Men moving 'stolen' pallets for bonfire not Belfast City Council employees
A picture circulating on social media does not show Belfast City Council employees moving “stolen” pallets to a bonfire site, the council has confirmed.
The photograph shows three men, two of whom are wearing high-visibility clothing, moving pallets to the Donegall Pass bonfire site.
It caused furore when it was posted on Twitter on Tuesday afternoon, as many believed the men were council workers who were “handling stolen goods”.
With their distinctive blue colour and branding, the wooden pallets in the picture can be distinguished as those owned by the company Chep.
The for-hire pallets are used in the firm's pooling service for retail and industrial supply chains and are not bought and sold.
On Wednesday afternoon BCC confirmed the men in the photograph are not council workers.
“We have investigated this internally and early indications are that these are not Belfast City Council employees,” a spokesperson said.
“The action referred to in the tweet was not sanctioned by Belfast City Council.”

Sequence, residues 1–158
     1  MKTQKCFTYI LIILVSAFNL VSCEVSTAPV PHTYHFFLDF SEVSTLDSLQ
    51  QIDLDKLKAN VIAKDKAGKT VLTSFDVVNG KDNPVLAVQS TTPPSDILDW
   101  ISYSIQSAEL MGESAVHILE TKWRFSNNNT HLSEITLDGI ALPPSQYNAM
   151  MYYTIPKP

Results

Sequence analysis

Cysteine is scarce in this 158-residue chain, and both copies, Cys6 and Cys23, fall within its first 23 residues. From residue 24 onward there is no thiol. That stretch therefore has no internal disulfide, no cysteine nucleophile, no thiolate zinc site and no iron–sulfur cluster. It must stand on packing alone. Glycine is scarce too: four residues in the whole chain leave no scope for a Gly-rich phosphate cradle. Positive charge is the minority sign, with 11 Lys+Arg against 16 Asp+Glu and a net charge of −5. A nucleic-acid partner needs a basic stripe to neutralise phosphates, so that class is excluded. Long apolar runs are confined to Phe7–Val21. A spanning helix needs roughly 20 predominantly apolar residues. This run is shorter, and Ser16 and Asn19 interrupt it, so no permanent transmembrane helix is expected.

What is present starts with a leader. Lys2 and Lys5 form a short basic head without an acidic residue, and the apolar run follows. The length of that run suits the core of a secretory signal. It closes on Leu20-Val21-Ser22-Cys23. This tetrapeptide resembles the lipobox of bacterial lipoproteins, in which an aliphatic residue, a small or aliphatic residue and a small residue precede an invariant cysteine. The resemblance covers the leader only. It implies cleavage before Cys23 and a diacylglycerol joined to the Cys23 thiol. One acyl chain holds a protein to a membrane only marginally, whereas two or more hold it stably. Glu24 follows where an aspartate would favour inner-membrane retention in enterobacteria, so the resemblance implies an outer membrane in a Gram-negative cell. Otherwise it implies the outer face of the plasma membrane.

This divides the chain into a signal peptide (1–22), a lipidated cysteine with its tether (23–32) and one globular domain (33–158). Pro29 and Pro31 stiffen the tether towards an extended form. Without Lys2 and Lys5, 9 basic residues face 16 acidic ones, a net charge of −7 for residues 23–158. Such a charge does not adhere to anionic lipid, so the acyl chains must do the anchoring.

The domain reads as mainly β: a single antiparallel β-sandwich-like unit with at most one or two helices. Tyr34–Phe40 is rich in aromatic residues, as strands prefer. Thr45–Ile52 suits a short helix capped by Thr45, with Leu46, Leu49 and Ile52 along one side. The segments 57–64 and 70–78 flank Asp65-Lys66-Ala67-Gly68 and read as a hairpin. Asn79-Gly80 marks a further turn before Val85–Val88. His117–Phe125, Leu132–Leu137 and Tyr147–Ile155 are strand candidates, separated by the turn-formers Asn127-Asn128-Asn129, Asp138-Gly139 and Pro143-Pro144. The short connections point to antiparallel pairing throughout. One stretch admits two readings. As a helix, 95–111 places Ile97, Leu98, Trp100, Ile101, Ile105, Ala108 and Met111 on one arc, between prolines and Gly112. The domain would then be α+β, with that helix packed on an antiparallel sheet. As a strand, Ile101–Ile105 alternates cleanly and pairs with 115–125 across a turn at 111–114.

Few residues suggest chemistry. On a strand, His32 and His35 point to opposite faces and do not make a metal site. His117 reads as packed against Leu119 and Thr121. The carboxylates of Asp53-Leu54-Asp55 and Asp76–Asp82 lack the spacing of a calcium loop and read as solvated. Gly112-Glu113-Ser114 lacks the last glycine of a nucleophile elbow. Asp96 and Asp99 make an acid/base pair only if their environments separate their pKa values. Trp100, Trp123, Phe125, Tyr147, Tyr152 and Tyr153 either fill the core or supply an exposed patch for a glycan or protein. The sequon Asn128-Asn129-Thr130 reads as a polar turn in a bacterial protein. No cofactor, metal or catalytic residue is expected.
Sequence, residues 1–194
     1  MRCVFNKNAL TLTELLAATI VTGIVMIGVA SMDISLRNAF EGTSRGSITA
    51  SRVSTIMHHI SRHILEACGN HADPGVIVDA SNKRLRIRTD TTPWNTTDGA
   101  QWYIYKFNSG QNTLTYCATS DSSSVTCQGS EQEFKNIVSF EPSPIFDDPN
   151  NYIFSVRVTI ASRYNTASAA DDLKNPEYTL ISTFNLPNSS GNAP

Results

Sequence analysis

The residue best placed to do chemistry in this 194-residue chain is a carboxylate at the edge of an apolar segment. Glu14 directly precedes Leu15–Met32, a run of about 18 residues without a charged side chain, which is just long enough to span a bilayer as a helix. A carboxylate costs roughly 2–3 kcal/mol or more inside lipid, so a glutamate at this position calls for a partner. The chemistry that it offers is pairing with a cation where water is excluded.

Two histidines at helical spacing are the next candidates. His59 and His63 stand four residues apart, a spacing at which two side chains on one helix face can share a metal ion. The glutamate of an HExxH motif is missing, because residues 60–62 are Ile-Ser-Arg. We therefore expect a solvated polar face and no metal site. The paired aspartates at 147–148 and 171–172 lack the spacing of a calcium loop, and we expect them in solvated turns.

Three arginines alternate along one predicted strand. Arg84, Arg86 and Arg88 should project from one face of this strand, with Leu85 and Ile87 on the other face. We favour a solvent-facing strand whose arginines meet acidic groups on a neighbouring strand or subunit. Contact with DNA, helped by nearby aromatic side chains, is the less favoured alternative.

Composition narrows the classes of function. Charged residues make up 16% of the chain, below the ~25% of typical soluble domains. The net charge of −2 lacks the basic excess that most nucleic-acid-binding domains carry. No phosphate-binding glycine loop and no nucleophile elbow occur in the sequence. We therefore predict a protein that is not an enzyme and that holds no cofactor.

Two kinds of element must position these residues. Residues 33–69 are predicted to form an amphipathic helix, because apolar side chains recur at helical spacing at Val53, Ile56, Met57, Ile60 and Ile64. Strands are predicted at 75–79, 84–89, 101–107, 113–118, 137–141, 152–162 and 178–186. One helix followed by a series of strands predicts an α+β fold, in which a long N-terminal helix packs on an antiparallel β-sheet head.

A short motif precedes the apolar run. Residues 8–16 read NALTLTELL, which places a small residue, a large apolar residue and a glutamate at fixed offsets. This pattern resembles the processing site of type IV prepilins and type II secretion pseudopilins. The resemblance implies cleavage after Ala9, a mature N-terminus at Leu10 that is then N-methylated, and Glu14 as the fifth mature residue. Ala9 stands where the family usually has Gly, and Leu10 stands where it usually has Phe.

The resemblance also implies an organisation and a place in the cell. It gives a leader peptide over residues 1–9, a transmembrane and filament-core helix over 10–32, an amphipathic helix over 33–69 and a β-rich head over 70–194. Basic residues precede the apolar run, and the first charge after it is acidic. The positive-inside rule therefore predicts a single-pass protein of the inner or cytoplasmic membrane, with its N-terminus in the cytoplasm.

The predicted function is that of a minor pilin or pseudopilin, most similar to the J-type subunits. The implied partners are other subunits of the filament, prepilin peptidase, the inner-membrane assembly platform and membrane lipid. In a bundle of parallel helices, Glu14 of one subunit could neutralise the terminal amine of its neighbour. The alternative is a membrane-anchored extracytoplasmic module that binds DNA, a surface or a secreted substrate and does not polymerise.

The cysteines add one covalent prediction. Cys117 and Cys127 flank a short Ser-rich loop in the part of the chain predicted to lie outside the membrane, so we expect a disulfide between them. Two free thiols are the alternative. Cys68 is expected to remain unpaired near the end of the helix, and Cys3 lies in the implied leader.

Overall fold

Last year, Chep had to speak out against the burning of their pallets on bonfires in Northern Ireland, after hundreds of them were pictured on pyres in various locations across the city.
"Chep equipment is only ever hired – never sold. The Chep business model involves equipment pooling and our pallets are a valuable asset," a spokesperson said.
"We do not condone using Chep pallets for burning on bonfires, and we work closely with the local authorities and with bonfire liaison officers to recover our pallets from these sites whenever it is safe to do so.
"We make our best efforts to secure our pallets but also seek to ensure the safety of our people."
In June last year, Belfast City Council had to hand over hundreds of pallets it was storing for a loyalist bonfire to Chep after the company spoke out and claimed ownership of them.
The following month it was reported that more than £20,000 worth of the Chep pallets were to be burnt on the Lanark Way bonfire in Belfast.
Each of the Chep pallets are said to be worth between £15 and £20 each.
Local News Partnership